But the CD32 already has a beat 'em up, you all cry. Yes, but remember that was Dangerous Streets, so Team 17's new kick around doesn't have any competition, according to Tony Dillon.
I f you've been reading CU AMIGA for some time you may remember that I didn't really like Body Blows Galactic. I loved Body Blows though, and I have a forgiving heart, so I plumped for this review. At first glance, Ultimate Body Blows is merely an amalgamation of the original two Body Blows games, featuring as it does 21 characters, dozens of backdrops and everything else associated with the games. However, this is a lot more than just a combination of the first two.
With no pretence of plot whatsoever, Ultimate Body Blows is nothing more than a straight, one-on-one fight between a group of martially gifted individuals. Kai-Ti is the young girl with the lethal jaw kick and the 'Finger Press' move that causes stars to appear from her head. Mike can turn into a whirlwind. Dino throws his rider at you. Tekno leaps into the air and fires rockets at his enemy. I don't need to go on, do I? You've all played this sort of beat 'em up before. It calls for skill and joystick jugglability.
TWISTING AND TURNING
Okay, fighting bare-knuckled might not sound all that exciting to some people, but I haven't explained the myriad of ways in which you can actually hit your opponent. There are two skill levels against the computer, and three speeds (Turbo 2 is practically impossible to play – you just can't follow the computer!). Single player and two-player are only to be expected, but tournament (with four or eight players) and Tag Team are more original approaches. Tag Team is my personal favourite, as between 2 and 21 players per team go one on one. As one player is knocked out, they are replaced with a new player and the winner of that game gets half an energy bar replenished. The first player to knock down all of the other player's characters wins. This makes for some very long, and very exciting games.
Body Blows Galactic was fat too easy in my opinion (I finished it on my first go!), with most characters easily beaten by using the same move over and over again. However, the intelligence has been greatly improved for Ultimate Body Blows, and that particular tactic doesn't work anymore. Interestingly enough, you can't even use similar tactics with different characters, as everyone reacts differently. For the first time on an Amiga beat 'em up, as far as I am concerned, there is enough difference between characters for people to be able to specialise. Some people will be Maria players, while other will only feel at home with Junior. I can see a lot of practice going on during office hours, let me tell you.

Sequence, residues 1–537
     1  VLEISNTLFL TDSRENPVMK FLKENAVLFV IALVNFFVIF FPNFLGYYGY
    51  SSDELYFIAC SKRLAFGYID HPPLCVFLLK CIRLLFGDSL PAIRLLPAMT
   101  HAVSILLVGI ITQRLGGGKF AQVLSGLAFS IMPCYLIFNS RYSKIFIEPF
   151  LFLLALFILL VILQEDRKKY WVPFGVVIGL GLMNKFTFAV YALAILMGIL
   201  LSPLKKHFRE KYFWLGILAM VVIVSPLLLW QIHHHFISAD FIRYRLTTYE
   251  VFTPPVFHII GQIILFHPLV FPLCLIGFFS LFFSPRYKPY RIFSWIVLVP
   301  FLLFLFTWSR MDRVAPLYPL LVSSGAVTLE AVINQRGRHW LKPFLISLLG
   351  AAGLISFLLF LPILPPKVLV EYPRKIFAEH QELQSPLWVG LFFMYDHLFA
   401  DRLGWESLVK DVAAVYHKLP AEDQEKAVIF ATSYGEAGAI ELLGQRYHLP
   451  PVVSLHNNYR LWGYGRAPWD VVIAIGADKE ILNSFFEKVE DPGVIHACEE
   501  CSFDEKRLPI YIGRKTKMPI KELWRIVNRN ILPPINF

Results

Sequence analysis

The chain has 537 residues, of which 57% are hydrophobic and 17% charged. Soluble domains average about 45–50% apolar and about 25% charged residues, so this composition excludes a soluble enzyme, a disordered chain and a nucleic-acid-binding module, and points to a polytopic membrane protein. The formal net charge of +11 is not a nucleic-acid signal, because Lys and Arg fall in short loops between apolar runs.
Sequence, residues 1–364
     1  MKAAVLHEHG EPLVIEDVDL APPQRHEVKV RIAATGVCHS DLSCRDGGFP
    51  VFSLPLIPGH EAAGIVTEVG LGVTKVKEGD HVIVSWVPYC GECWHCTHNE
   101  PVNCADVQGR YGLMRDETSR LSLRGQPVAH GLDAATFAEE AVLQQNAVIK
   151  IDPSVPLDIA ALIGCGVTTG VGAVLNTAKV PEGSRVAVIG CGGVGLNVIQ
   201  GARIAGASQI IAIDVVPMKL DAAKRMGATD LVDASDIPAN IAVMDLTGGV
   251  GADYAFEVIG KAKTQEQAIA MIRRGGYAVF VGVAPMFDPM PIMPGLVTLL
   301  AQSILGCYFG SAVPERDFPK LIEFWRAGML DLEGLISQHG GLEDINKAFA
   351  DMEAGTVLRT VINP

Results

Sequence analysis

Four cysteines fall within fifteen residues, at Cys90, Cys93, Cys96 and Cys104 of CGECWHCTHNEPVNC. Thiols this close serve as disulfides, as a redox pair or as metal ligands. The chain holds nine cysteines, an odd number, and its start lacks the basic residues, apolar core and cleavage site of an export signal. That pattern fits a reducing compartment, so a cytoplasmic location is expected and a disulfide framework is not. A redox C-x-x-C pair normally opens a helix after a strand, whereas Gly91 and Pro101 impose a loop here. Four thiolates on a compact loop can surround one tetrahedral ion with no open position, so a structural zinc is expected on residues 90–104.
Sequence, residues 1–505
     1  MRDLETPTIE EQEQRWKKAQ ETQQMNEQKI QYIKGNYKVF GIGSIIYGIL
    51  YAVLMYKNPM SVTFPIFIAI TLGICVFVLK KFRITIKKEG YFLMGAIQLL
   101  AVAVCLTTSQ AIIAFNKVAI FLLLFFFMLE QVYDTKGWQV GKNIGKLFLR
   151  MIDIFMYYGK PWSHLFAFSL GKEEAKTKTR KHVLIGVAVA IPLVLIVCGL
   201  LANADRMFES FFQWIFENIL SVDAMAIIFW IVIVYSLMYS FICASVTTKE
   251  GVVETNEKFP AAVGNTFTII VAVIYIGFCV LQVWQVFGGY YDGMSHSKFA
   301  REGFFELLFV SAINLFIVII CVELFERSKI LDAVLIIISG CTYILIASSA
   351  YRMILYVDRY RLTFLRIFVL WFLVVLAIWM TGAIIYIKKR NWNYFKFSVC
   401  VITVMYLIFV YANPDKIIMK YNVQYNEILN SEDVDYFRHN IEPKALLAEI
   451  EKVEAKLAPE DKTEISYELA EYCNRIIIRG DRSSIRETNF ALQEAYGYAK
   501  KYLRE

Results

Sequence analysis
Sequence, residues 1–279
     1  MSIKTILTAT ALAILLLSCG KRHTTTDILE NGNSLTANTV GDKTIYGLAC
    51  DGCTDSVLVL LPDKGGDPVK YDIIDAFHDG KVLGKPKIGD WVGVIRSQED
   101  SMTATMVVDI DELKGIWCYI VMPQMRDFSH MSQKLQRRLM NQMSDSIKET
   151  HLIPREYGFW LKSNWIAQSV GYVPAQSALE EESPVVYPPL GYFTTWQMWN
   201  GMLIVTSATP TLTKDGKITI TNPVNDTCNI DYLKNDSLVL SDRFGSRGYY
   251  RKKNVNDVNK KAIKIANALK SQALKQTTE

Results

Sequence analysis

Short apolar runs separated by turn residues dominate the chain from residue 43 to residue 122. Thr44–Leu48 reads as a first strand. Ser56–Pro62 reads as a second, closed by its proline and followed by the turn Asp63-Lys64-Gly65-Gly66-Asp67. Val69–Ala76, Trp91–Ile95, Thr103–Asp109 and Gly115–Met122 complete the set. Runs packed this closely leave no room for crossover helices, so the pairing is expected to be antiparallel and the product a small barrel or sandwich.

The game looks stunning, using the CD32's 128 colour palette to create a very realistic arcade look. Unlike a lot of beat 'em ups, the sprites actually fit in well with the backgrounds, instead of floating around like cardboard cut-outs in front of them.
The extra storage space on the CD has been used well, to store large, colourful and varied backdrops (love the clouds!). All in all, it's a great looking game.
If only I could say the same for the sound. Unfortunately, Ultimate Body Blows uses the same samples as the original game, meaning that the characters spout the same unintelligible drivel at the end of each match. I had hoped with the CD that they might have something more to say, or that the sound effects would have been beefed up a bit, but no luck. It doesn't really detract from the game very much, but it's a shame nonetheless. The other problem is that movement is still a tad jerky, but it remains better than most.
Ultimate Body Blows is a cracking game, and one hell of a beat 'em up. The sheer number of characters to learn means that you'll spend ages just getting to grips with the whole thing. As for two-player games... get some friends in and go for it!
CU Amiga, May 1994, p.44